What does Android’s possible switch to ART mean for Xposed and other apps?

by: Andrew GrushJune 19, 2014

samsung galaxy s5 android kitkat logo 1

When the Android runtime (ART) was first introduced with KitKat late last year, many folks praised the move, as the new runtime brought with it the promise of a faster and more fluid Android experience. At the time the runtime was billed as a experimental feature and that meant it was far from perfect.

While most folks who made the switch to ART did notice an improvement in how quickly Android ran (even if the difference was negligible for some apps), it also became apparent that certain apps and services would not play nicely with the runtime such as Whatsapp and several games.

Earlier today we learned that a pair of commits in AOSP suggest that Dalvik is dead, and that the next major version of Android could very well end up not only running ART as default but it may no longer have a way to switch back to Dalvik. Considering ART is known for not playing nice with some apps and with the XPOSED framework, what does ART mean for the future of these incompatible apps?

The good news is that while ART may cause problems, the issues will likely be temporary.

Angry Birds GO screenshot

Apps that currently don’t play nice with ART

The number of apps that don’t support ART have shrunk considerably since the runtime first debuted. That said, depending on the accuracy and recency of the unofficial Android Runtime website, there are still dozens of apps that aren’t supported including Angry Birds Go!, AutoCad 360 and Bittorent.

there are still dozens of apps that aren’t supported by ART

So what will happen when ART rolls out? If these developers don’t take the most recent AOSP commits as a red flag to make changes, there’s a chance that these apps will simply cease to work when the next version of Android first rolls out (providing it really ditches Dalvik).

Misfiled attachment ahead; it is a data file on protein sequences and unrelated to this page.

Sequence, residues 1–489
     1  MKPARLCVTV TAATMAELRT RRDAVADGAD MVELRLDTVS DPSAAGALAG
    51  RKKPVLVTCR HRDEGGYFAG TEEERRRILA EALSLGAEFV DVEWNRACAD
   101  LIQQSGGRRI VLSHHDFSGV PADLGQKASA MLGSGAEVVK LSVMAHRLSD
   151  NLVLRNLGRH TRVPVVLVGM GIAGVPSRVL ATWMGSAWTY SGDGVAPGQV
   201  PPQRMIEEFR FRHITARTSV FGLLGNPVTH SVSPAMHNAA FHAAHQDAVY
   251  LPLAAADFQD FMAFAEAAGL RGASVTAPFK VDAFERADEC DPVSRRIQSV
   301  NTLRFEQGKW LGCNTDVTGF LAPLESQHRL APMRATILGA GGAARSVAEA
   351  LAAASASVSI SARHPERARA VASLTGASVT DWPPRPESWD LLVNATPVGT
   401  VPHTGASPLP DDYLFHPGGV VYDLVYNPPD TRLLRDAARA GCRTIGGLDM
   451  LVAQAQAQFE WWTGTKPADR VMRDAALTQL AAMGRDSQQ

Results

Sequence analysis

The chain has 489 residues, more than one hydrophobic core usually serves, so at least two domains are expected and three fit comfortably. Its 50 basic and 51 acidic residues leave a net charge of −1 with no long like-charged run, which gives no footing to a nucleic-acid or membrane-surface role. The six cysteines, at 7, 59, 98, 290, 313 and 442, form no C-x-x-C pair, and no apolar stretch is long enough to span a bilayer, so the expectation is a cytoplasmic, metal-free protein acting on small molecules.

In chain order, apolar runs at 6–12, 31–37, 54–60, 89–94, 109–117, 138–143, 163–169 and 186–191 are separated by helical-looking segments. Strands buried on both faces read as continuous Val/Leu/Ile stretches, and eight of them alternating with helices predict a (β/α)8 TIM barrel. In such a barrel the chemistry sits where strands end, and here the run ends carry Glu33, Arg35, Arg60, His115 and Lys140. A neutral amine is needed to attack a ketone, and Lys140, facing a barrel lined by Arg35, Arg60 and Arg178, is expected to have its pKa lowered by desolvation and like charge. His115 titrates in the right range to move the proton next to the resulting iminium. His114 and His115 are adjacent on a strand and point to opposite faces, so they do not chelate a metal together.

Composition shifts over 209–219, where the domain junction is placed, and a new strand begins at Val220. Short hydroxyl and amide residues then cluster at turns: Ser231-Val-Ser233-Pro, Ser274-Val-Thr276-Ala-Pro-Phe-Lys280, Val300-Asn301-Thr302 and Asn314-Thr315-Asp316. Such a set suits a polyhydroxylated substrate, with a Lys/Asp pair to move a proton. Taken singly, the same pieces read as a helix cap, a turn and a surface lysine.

That said, most developers will act quickly either ahead of the formal announcement or immediately after. There’s also the possibility that a more stable, polished version of ART will have better compatibility with existing apps and so some of these developers might not have do make any changes at all.

For those wondering about root apps? For the record, these apps should play nicely with ART as well — provided the developers make any required changes, if they haven’t already.

xposed-framework Image source: Addictive Tips

Will ART kill Xposed framework?

The biggest question that folks probably have is what the switch to ART will mean for Xposed. Speaking in the comment section over at XDA, Xposed developer rovo89 shed a little light on this situation, making it clear that YES, Xposed will be affected by this transition and will likely not work with the next version of Android (provided it runs ART) immediately when it rolls out.

On the bright side, rovo89 remains fairly confident that the framework will eventually be made to work on ART and he reveals that he even has a very experimental test build designed for ART. So why not get everything ready ahead of time? In his own words:

ART is pretty complex, with lots of different operation modes that need to be tested. I figured it would be a waste of time to do so before ART becomes more stable. The fact that they are still pushing changes every day, including several huge internal refactorings (which will require adjustments in my code) confirms this.

if you absolutely can’t live without XPOSED, you’ll probably be waiting a bit to make the upgrade to the next version of Android

Bottom-line, if you absolutely can’t live without XPOSED, you’ll probably be waiting a bit to make the change upgrade to the next version of Android. Once the official (stable) version of ART is made available, rovo89 will begin the work involved in making the Xposed framework compatible. He says that waiting also allows him to see how other changes like dual-stack 32/64-bit Zygote and very strict SELinux policies expected in the next version of Android might impact Xposed.

How long of a wait might you be in for? There’s really no way to tell for sure, as obviously there are factors that could affect the conversion effort. Again in his own words, please don’t freak out if it *still* isn’t published three days after Google I/O. If it takes a few weeks, then that’s what it takes.

Google wouldn’t switch to ART if it wasn’t ready for primetime

Sure, Google sometimes releases products in state this isn’t necessarily 100% polished, but with something as big as a change in runtimes to ART — you can bet that Google has done everything possible to ensure an easy transition. There’s likely to be a few bumps in the road, but ultimately moving to ART is a positive shift for Android and most of us will not miss Dalvik.

Any other potential major issues with the switch to ART that you are aware of that we didn’t touch on? Please elaborate in the comments below.

  • MasterMuffin

    I think after I/O there should be a beta and after 2 weeks if no bugs are found, they’d release the next Android version to everyone (well everyone meaning the few lucky ones!).